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Bug tracking at Microsoft

Can any of you (former?) insiders enlighten the rest of us on the bug tracking policies at Microsoft?

What criteria must be met before an issue makes it to the public knowledge base?

Is there a policy restricting people form talking about known bugs until they are in the knowledge base?

I spent a lot of time dealing some issues with Reporting Services (see my last post).  The issues are not in the knowledge base, but after lots of searching on the newsgroups and web forums, I am convinced Microsoft insiders must know about them.  What I don't understand is why these poeple don't answer my questions on the newsgroups, or even when I email them directly. 

It would have saved me (and all those poeple I emailed, and all the other people posting the same questions in the forums) a LOT of time if they had these issues posted in the knowledge base.

Scott Stonehouse
Wednesday, September 01, 2004

Because they have 50B and you don't

na na na na na
Wednesday, September 01, 2004

Send your question to Chris Sells; you can find his email address at www.sellsbrothers.com.  He's an MS insider in the MSDN group and he's usually responsive.

Ewan's Dad
Wednesday, September 01, 2004

"What criteria must be met before an issue makes it to the public knowledge base?"

Totally subjective. As far as I can tell, bugs must be either really severe, or else not too embarrassing to Microsoft. And they must have a workaround, or at least seriously intend to fix it.

Known bugs that make you shake your head but that don't infuriate any of their major clients simply remain known bugs -- and undocumented.

Grab an archive of WDJ (Windows Developer Journal) back when whats-his-name was editor. They had a regular column on bugs in the Visual C++ compiler.

More often than not, when they asked MS about a reproducible bug they would either get no reply at all, or the reply would be "yeah, we know about that one" -- with no KB entry and no intention to fix it.

Chris Nahr
Wednesday, September 01, 2004

"More often than not, when they asked MS about a reproducible bug they would either get no reply at all, or the reply would be "yeah, we know about that one" -- with no KB entry and no intention to fix it. "

That's exactly my experience.

I've really enjoyed watching interesting new tools come from Microsoft since the "Developers, Developers, Developers, Developers!" speech.  Development tools seem to be important again.  MSDN webcasts, blogs from the development teams, community sites.  It seems to me like things are improving.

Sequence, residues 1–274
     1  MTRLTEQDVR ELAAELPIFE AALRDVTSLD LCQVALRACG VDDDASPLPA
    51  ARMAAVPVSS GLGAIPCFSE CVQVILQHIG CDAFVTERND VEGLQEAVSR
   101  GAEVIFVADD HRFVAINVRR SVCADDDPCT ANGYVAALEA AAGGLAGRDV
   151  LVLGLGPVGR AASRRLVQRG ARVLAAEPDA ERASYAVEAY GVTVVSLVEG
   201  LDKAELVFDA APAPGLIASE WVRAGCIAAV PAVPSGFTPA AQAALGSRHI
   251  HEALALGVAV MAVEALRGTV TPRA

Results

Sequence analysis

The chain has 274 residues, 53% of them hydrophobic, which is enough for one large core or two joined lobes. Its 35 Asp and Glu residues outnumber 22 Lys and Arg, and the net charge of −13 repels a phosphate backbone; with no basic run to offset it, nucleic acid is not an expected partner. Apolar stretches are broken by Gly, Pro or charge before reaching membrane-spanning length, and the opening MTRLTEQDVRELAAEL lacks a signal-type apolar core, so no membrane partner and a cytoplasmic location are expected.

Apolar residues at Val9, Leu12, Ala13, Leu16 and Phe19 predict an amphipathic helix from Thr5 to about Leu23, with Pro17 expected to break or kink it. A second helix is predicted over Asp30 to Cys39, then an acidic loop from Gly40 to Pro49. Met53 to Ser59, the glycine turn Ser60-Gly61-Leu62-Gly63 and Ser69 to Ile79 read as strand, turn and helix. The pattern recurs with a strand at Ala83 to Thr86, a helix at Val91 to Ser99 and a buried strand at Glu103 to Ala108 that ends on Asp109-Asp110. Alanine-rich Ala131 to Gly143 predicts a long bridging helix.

But damned if they will help you when you've found a bug.  Especially if it's one they already know about. 

If they haven't seen it before, you might lure them into a conversation, because they think they can help you.  But then the conversation ends with "it might be a bug, I submitted it to so-and-so in such-and-such a dept."  If you get to that point, nobody will ever contact you again.

I can only conclude that they have a policy that says, "don't talk about bugs".

I even found a workaround for one of them, but I'm sure they aren't interested.

Scott Stonehouse
Wednesday, September 01, 2004

I once tried to report a bug to Microsoft. I went around an endless loop for an hour and a quarter and gave up.

Stephen Jones
Wednesday, September 01, 2004

There's definitely no policy here at MS about hiding or not admitting bugs.  There's a big support service that tries to identify the most important bugs (measured in severity x number of customers who will experience it) and document, or find workarounds to, these problems.  And we're all supposed to try to answer questions on newsgroups about the features or products we've worked on and therefore should know about.  I guess there should be more..

Of course, any product will ship with many, many known bugs.  To eliminate them all would mean never shipping.  But all of the known bugs that ship in a product were considered not to be over the bar to fix, in terms of effort to fix vs customer pain.  Bugs found in shipped and released products are much more expensive to fix.

That's probably why, when you reach somebody at MS about a bug you're experiencing, and you get a reply like "yeah, that's a known bug", is because it's just that - it's something they know about, and decided not to fix.  Maybe it'll be fixed in another realease, but probably not before. 

It can be infuriating to be up against a bug that's killing your particular scenario, but isn't common or severe enough to cost MS money if it's not fixed. 

But it's definitely not policy to ignore or suppress bugs.  Policy is the opposite.  Reality is somewhere in between.

andrewm
Wednesday, September 01, 2004

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